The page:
Frazer as euhemerist: The case of Osiris

Robert A. Segal*

*Corresponding author for this work

Research output: Chapter in Book/Report/Conference proceedingChapter

Abstract

Frazer’s theory of religion and of myth and ritual is confusing in many ways, especially for euhemerism. In a further confusion, Frazer actually presents two versions of myth-ritualism and fails to disentangle them. In the first version, the myth provides the biography of the god of vegetation, and the ritual enacts it. In Frazer’s second version of myth-ritualism, the king is central. Yet Osiris alone is considered by J. G. Frazer to have been a king as well as a god: Reigning as a king on earth, Osiris reclaimed the Egyptians from savagery, gave them laws, and taught them to worship the gods. When Frazer turns to the myths of his other main gods of vegetation, he does not have the convenience of an annual event to tout. Many others have actually tied Jesus to Osiris. But Frazer is more struck by the thematic similarities.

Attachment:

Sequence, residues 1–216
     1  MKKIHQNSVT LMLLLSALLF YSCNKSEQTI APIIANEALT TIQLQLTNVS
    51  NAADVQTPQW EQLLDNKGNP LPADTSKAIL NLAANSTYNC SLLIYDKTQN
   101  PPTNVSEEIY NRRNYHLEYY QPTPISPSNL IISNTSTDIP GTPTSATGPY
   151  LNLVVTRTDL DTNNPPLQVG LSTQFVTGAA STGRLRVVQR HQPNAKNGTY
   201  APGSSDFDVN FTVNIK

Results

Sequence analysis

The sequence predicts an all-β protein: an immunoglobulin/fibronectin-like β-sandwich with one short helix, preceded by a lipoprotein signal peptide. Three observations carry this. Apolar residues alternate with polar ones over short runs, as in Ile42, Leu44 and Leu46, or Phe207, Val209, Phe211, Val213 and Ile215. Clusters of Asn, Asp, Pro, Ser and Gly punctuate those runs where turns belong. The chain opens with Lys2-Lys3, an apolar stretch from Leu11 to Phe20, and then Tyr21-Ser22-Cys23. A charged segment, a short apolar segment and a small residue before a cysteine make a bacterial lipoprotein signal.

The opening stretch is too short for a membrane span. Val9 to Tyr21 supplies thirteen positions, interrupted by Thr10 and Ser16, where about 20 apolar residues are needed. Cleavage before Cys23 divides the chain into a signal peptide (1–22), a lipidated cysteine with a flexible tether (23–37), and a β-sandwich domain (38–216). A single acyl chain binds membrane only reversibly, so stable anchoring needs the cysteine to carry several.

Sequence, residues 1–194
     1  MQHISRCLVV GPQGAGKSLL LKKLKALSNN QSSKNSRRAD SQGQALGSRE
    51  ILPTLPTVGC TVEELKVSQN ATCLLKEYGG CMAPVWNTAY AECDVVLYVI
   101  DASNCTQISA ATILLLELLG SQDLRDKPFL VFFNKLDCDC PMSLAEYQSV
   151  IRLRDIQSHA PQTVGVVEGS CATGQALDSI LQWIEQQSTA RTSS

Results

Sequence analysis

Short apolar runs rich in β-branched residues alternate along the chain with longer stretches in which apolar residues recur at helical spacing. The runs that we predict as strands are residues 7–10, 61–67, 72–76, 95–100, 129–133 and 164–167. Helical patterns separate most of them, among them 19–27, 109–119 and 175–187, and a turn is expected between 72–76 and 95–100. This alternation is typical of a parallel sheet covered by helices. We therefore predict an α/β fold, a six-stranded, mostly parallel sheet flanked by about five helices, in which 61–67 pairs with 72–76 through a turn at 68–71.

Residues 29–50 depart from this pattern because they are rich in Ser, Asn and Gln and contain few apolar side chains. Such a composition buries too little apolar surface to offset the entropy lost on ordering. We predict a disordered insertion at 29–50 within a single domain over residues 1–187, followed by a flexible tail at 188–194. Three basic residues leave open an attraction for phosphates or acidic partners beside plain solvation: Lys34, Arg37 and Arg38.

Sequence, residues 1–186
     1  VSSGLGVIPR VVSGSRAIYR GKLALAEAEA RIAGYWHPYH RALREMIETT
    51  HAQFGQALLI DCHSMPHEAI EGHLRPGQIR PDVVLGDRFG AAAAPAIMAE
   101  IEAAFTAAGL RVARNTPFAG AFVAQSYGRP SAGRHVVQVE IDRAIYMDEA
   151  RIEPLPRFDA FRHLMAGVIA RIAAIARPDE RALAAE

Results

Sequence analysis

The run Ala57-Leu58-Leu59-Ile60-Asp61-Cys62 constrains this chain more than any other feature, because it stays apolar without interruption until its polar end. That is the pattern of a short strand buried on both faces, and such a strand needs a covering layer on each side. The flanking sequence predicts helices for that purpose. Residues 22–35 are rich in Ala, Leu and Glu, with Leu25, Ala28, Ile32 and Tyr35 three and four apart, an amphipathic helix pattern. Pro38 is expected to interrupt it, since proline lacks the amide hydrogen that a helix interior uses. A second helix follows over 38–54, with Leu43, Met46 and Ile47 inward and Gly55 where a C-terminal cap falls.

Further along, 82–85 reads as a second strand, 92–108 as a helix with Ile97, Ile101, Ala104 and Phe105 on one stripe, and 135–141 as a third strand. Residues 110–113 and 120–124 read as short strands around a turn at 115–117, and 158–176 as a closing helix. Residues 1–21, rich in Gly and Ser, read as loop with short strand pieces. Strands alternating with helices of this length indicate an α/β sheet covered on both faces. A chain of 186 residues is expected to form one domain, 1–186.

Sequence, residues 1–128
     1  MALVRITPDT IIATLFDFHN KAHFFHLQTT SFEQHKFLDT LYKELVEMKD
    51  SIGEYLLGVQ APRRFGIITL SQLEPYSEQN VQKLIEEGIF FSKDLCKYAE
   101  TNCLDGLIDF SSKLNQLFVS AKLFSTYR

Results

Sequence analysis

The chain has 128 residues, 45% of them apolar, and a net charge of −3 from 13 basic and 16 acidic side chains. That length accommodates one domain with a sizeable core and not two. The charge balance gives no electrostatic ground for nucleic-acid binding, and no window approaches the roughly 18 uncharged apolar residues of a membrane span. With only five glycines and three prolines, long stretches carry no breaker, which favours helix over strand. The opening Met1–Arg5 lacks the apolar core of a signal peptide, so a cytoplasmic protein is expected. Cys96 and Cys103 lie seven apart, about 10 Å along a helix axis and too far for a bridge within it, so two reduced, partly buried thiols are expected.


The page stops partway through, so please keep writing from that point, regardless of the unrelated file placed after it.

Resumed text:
Original languageEnglish
Title of host publicationEuhemerism and Its Uses
Subtitle of host publicationThe Mortal Gods
EditorsSyrithe Pugh
Place of PublicationLondon
PublisherTaylor and Francis
Pages241-248
Number of pages8
Edition1st
ISBN (Electronic)9781000356588
ISBN (Print)9780367556990
DOIs
Publication statusPublished - 18 Mar 2021

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